Italian anti fascist partisans had been playing an increasingly important role in the war, ever since Italy had deposed Mussolini and then switched sides in 1943. They fought a bitter guerrilla war against the occupying Germans, despite many cruel reprisals against the civilian population. By the spring of 1945, supplied with arms by the Allies, they had grown to become a very significant force.
On the 25th April the Comitato di Liberazione Nazionale (Committee of National Liberation, or CLN) began an open insurrection in the remaining occupied area of northern Italy. The Germans surrendered in Turin and Milan, and later in Genoa. Some German units were now allowed to make their way north to Switzerland and Austria, but they were not permitted to take their Italian collaborators with them.
Elsewhere there were reprisals as the Germans were hunted down. New Zealand Intelligence officer Geoffrey Cox recounts one episode from his dealings with Italian partisans during this period:
At the new area a group of partisans with red scarves were waiting. They had been stopped by our own troops down by the river bank as suspicious characters. Enthusiastically (they were not yet disillusioned) they explained that they wanted to help.
They had been told that there were several Germans hiding in this area. One, they said, was patently an officer. Gold braid had been seen on his shoulders. Could they not carry on with the search?
It took only five minutes to get their papers checked and to set them loose. At the same time we put part of the Headquarters Defence Platoon out on the same quest. ‘Any prisoners you can get will be valuable,’ I told the bearded partisan leader. He grinned. ‘Si, si. Prigionieri,’ he said.
Half an hour later there were shots down by the river bank. An hour later the partisans were back. They had found the Germans, three of them. One was certainly an officer. Where was he? Ah, he had tried to escape. A very foolish fellow. ‘Molto stupido, molto stupido.’ But here were his documents. And they handed over a blood-stained bundle.
I opened the top pay-book. Hauptmann. So he was an officer all right. An anti-tank gunner. Two passport photographs fell out of the book. The face on them might well have come from a stock propaganda shot of the stern S.S. man. Here were those deep-set eyes, that hard thin mouth, that cheek crossed with duelling scars, that sleek yellow hair, that square German head of the ideal Nazi type.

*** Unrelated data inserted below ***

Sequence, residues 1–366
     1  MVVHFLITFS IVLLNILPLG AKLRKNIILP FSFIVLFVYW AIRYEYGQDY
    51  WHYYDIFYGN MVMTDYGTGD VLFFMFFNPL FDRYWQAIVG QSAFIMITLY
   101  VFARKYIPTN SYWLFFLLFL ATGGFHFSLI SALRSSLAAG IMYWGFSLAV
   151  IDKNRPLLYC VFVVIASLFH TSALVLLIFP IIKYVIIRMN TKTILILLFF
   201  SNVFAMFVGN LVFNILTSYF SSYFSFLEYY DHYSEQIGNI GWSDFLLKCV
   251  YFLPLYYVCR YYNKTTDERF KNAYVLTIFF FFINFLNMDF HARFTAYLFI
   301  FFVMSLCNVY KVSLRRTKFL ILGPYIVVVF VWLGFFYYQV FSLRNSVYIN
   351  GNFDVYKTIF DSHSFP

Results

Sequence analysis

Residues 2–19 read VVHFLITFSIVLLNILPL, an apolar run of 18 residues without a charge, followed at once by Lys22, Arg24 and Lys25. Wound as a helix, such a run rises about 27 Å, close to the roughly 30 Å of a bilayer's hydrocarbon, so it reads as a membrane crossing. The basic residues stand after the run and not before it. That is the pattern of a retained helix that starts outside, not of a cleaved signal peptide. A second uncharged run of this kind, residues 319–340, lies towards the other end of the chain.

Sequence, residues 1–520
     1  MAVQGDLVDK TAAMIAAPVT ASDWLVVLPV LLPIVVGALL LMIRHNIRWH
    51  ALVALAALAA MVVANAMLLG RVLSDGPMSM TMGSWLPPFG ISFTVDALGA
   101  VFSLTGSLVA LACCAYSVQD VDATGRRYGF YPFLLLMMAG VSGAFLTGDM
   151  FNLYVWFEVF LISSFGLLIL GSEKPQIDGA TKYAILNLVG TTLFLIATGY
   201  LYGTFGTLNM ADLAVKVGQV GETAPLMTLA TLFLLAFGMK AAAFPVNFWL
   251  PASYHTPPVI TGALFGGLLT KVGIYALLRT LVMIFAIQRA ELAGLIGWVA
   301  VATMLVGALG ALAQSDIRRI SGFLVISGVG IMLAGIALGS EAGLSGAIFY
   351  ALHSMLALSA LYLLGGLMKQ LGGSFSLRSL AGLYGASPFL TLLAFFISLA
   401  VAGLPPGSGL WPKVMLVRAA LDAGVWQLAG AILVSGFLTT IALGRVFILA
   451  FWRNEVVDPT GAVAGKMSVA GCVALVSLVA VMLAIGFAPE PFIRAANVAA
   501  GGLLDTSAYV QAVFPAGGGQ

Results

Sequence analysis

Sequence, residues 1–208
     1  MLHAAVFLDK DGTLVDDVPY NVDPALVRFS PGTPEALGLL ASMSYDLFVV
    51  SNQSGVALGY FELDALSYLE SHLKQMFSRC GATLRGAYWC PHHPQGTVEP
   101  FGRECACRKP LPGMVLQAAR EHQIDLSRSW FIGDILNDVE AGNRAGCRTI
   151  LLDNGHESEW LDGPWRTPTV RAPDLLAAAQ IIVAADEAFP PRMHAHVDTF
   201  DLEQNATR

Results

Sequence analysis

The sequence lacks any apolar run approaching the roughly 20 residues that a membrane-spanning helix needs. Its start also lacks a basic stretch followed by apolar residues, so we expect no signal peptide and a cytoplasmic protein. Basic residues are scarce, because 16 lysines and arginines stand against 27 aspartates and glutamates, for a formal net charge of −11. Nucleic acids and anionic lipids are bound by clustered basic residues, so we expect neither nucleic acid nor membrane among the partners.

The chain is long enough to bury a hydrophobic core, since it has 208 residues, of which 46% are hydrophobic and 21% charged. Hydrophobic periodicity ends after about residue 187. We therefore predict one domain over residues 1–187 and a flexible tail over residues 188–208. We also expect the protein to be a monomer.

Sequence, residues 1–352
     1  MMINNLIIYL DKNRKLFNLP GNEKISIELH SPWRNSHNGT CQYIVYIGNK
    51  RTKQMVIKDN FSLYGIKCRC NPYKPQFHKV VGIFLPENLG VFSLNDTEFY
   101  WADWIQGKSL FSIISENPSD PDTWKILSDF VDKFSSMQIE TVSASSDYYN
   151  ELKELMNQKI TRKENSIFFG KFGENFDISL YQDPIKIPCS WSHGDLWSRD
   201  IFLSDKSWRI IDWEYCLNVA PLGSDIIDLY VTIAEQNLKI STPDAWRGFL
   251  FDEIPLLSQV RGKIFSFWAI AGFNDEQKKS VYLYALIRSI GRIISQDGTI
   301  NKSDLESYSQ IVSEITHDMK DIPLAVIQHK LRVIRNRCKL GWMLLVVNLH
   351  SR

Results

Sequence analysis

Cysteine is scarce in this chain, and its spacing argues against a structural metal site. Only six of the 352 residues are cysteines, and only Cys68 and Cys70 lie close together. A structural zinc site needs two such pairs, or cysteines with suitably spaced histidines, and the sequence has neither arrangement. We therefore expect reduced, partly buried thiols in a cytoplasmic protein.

Every detail in the book bore out the picture. The man had been in the S.S. from the early days of Hitlerism; his list of decorations filled a whole page at the back. ‘Medal for the Einmarsch into Austria: Medal for the Einmarsch into Czechoslovakia: Medal for the Polish campaign: Iron Cross Second Class in France. Served with the infantry in Russia: Transferred to the anti-tank gunners at the end of 1943: Iron Cross First Class in the Crimea for destroying two ‘feindlicher Panzer Kampfwagen’.
The medal of the Iron Cross, its ribbon stained crimson brown above its red, black and white, lay amongst the papers. The Hauptmann’s book was full of photographs of Storm Troops and of soldiers, of sisters in white blouses and dark skirts, of a heavy-built father with close-cropped hair, of other young officers with the same relentless faces.
This was the type Hitler had loosed on Europe, brave, desperate, efficient. And now he had come to his end in an Italian field, shot down by an Italian farmer’s boy with a Sten gun, shot in the back, I learned later, as he crouched in hiding.
It was on the 27th April that a column of German trucks made their way north to Switzerland. Amongst the group was Benito Mussolini, thinly disguised in a German army helmet, and his mistress, intending to take a plane to Spain. The group was checked by communists of the 52nd Garibaldi Partisan Brigade in the village of Dongo on Lake Como – and Mussolini was immediately recognised by Urbano Lazzaro, the political officer. That evening Radio Milano announced:
The head of this association of delinquents, Mussolini, while yellow with rancour and fear and trying to cross the Swiss frontier, has been arrested. He must be handed over to a tribunal of the people so it can judge him quickly. We want this, even though we think an execution platoon is too much of an honour for this man. He would deserve to be killed like a mangy dog.
There are differing accounts of what happened next but within 24 hours Mussolini had been summarily executed by the partisans. Winston Churchill was to express shock when he saw the subsequent photographs – but later wrote “at least the world was spared an Italian Nuremberg”.